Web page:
Hiking the Fira Trail in Santorini

The hike from Fira to Oia in Santorini is an unforgettable journey.  10 kilometers of the most beautiful white-washed buildings you’ll ever see and blue Aegean water that stretches out into forever makes you feel like you’ve tripped and fallen into a dream.  I’ll especially never forget the delicious Greek picnic my husband and I had on the side of a volcanic cliff.  It felt like we had the whole world to ourselves.


Indulging in local hospitality in Naxos

I have never received a warmer welcome than the one I got at Hotel Kymata in Naxos.  It turns out the whole island is unbelievably friendly and hospitable.  Although a part of it is definitely due to a decline in tourism following the economic troubles in Greece, I still believe that hospitality is a central tenant of Greek culture.  Much of the hospitality came in the form of free food, which is my fave.


Nerding out in a Sci-Fi bookstore in Stockholm

Stockholm was such a whirlwind trip that much of it seems very fuzzy, but I remember almost every detail of the incredible book store we found near the main palace.  I am a gigantic nerd and this place was designed for people just like me.  They had a very unique collection of anime, comics, sci-fi titles (mostly in ENGLISH!), board games, and all kinds of nerdy collectibles.  If I ever win the lottery, I’m probably going to buy one of everything in that store.

Watching my students blow their end-of-the-year performance out of the water

Being a teacher is exhausting and time-consuming, but somehow, the students make every ounce of the blood, sweat, and tears worth it – at least most of the time.  After a hectic first year, it was so satisfying to work on a big performance with all of my first students and watch them do such a great job.  It definitely ended my year on a high note.

I am so thankful for everything I’ve been able to experience this year.  It was a lot of hard work, but it’s only proven to me how much hard work can pay off.  I’m already looking forward to the long list of adventures that are sure to come next year!

The Ice Cream Files: Stikki Nikki


So, it’s been almost a year since I’ve done one of these posts.  I’m pretty ashamed of that fact.  Don’t worry, though; it’s not because I haven’t been eating ice cream all year.  On the contrary, I’ve eaten quite a bit of ice cream this year…it’s just that I haven’t stumbled upon many ice cream shops that were truly special enough to be worth writing about.  There  isn’t much of a craft ice cream culture in Turkey, which was not what I had expected before moving here.  The ice cream is all good (I mean, how could it be bad?  I’ts ice cream…), but pretty much every ice cream shop is exactly the same and has exactly the same flavors and same textures (at least from what I’ve seen so far), so my ice cream blogging has been on quite a long hiatus.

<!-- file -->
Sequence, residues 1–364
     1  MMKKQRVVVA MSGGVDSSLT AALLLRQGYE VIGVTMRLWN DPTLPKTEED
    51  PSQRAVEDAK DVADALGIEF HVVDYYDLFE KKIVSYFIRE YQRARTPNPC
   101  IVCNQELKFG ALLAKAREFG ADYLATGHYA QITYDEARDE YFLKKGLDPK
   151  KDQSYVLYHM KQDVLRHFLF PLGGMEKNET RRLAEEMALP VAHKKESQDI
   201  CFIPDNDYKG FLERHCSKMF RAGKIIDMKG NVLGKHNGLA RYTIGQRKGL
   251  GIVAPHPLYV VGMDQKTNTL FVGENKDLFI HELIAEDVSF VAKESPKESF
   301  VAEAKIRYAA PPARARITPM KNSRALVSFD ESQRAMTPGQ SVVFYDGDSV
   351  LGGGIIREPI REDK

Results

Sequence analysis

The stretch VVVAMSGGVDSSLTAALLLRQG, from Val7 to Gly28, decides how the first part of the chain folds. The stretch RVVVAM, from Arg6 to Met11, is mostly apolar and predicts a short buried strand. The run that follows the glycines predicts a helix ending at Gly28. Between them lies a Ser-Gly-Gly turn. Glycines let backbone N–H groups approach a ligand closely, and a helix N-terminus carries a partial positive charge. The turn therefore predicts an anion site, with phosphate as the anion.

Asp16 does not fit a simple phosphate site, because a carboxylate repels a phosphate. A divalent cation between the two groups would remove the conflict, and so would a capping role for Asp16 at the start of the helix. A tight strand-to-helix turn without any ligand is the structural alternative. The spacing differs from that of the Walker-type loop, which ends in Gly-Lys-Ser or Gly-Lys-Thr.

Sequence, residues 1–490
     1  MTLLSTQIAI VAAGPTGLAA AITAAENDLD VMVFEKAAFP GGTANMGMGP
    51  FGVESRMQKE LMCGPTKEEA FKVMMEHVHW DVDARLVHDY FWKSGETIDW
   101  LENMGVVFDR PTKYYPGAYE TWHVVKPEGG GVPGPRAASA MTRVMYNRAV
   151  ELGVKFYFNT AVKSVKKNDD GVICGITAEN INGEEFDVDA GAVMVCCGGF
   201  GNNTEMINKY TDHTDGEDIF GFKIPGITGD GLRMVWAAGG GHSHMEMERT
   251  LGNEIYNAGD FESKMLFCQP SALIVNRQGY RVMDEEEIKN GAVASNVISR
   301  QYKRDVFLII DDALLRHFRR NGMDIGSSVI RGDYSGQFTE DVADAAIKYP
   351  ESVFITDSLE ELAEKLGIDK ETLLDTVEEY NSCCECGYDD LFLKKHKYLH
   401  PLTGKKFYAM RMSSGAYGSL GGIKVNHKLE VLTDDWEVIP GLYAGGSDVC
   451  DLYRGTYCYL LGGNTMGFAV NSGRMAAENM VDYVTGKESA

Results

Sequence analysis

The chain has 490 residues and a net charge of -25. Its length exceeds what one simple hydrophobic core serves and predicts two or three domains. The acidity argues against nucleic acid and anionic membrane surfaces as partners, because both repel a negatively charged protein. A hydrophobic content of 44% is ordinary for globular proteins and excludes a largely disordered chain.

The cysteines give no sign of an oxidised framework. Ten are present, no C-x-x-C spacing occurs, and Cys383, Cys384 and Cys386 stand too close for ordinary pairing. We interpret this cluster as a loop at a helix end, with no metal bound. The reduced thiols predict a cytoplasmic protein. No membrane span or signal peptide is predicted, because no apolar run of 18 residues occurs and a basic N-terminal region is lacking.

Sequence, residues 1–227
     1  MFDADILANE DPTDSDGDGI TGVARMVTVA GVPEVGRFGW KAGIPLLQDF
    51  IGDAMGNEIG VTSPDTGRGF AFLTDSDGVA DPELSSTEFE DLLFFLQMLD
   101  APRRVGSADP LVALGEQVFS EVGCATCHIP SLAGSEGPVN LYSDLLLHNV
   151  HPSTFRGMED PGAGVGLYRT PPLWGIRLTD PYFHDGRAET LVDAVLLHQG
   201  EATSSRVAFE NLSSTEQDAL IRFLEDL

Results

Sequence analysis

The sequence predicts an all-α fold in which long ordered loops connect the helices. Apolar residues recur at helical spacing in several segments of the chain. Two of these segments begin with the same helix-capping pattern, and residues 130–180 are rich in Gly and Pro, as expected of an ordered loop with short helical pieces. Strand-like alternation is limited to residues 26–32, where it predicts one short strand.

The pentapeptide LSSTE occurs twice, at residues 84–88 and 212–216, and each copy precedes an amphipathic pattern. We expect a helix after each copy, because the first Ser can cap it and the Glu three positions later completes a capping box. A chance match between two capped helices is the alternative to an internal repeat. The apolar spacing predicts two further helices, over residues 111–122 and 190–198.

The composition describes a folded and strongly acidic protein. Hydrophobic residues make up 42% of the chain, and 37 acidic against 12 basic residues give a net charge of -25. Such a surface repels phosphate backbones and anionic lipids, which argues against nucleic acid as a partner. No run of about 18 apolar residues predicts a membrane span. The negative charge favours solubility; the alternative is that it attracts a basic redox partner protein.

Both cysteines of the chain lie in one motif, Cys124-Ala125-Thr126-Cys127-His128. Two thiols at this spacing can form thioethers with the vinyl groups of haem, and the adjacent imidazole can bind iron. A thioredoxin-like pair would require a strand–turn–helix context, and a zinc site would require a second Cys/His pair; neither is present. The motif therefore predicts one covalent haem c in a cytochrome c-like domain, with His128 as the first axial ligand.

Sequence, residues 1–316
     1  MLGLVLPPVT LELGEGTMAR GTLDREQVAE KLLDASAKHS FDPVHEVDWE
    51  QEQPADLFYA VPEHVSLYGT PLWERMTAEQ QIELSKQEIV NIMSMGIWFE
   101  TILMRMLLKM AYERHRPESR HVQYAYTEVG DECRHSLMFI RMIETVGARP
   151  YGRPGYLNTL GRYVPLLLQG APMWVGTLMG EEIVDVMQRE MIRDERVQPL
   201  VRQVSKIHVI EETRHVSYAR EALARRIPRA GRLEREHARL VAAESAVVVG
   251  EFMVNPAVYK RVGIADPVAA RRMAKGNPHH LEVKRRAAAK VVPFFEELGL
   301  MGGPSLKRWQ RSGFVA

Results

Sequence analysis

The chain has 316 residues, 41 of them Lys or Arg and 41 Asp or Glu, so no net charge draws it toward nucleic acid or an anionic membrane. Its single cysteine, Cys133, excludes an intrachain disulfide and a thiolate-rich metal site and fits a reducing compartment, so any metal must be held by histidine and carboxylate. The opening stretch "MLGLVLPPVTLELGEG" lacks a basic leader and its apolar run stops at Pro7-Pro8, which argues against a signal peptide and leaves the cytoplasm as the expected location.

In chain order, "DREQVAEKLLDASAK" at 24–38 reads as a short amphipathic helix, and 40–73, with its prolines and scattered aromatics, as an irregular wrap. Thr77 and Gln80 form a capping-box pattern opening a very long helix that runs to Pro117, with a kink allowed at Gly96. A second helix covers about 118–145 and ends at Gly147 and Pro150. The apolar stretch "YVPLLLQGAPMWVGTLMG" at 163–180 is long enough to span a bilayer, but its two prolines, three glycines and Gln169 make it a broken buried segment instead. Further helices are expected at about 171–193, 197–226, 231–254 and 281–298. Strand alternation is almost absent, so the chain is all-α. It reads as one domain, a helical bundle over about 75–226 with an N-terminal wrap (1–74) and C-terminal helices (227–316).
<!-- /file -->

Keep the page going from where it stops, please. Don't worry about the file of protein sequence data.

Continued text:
And then came Stockholm.  On our way to Drop Coffee, we found this little gem of a shop that was boasting all organic homemade ice cream, so there was no way I was just going to walk by without getting some.  It turned out to be some of the best ice cream I’ve had in a long time!  Here’s the breakdown of my experience:

Taste/Quality:  5/5

You can tell that this ice cream is made with a lot of love.  The organic flavors really, really came through.  It was so fresh and so perfect.  I’m still dreaming about the Lemon Basil…

Variety:  4/5

I’m really hesitant to rate this one because I was only there for one day and I’m pretty sure they rotate flavors.  There weren’t a ton of choices compared to other ice cream shops, but I am generally in favor of quality over quantity, which was definitely the case here.  They only had a few flavors available, but they were all interesting (like Lemon Basil and Coffee Cardamom) and delicious and they always seem to include vegan options, which is a huge plus.

Atmosphere: 3/5

It was a cute shop, but it was really tiny and much more of a to-go place than a sit-down area.

Price: 5/5

5 Euros for 2 enormous scoops of delicious ice cream?  Yes, please!

Wow Factor: 5/5

The vegan Peanut Butter and Lemon Basil ice cream blew my mind!  I never imagined that lemon and basil could go together well as an ice cream flavor, but I thought it was pretty incredible.

Overall Score:  4.4


Look how happy I am!